HTC, the Taiwanese phone maker, surpassed Nokia in market capitalization yesterday, putting it in the ranks of the largest mobile phone makers in the world.

HTC closed Thursday at 1,200 Taiwanese new dollars ($41.37) in the Taipei market. That gives it a market capitalization of NT$981.18 billion ($33.82 billion). Nokia's shares opened in Helsinki at €6.23 ($7.65) Thursday, pulling its market cap down to $33.81 billion, a hair below. At the end of the day Nokia pulled back up to €6.26 ($7.69) getting it back to $33.98 billion.

It is an important symbolic milestone for HTC. Nokia's stock has been battered for the last year -- on April 7, 2010 it closed at €11.70 ($13.12) and had a market capitalization of $63.5 billion. HTC was trading at the NT$390 level, giving it a market cap of $10.8 billion.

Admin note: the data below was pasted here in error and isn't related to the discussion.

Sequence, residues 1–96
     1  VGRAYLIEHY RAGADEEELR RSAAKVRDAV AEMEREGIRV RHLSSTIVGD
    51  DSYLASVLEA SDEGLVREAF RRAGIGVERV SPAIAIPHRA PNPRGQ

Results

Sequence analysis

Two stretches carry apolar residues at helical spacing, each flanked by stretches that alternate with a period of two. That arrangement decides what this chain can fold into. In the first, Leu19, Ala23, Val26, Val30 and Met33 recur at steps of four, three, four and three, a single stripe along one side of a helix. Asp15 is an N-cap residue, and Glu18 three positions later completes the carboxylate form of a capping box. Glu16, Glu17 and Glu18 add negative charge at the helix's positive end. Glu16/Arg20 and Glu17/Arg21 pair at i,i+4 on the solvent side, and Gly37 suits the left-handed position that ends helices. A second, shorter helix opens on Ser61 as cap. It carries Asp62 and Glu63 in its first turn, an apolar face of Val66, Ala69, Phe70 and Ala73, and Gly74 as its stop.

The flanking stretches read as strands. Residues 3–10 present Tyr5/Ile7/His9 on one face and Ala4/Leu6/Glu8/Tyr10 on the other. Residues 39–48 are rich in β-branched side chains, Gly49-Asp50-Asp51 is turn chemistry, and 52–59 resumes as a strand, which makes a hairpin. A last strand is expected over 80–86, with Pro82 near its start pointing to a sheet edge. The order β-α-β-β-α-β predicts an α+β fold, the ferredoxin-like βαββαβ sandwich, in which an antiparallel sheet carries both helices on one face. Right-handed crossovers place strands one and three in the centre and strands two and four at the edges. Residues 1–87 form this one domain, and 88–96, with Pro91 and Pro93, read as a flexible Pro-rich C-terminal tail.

On top of that, Moody's and Standard & Poor's both cut Nokia's debt rating. Moody's cut the Finnish company's debt to A3 from A2 and Standard & Poor's cut Nokia's rating to A- from A. Nokia had about 5.3 billion ($7.6 billion) in debt at the end of 2010, while HTC has almost none.

HTC has been boosted by strong sales of its smartphone line, such as the Thunderbolt and EVO. Nokia, meanwhile, has struggled to make inroads in the U.S. market, despite being the best selling handset maker in the world.

Nokia has also had to contend with more competition from rival operating systems as smartphones become known for that as much as the hardware itself. While HTC has rolled out phones using the Android OS, Nokia stayed with Symbian until this year when it signed a partnership with Microsoft and adopted Windows Phone 7.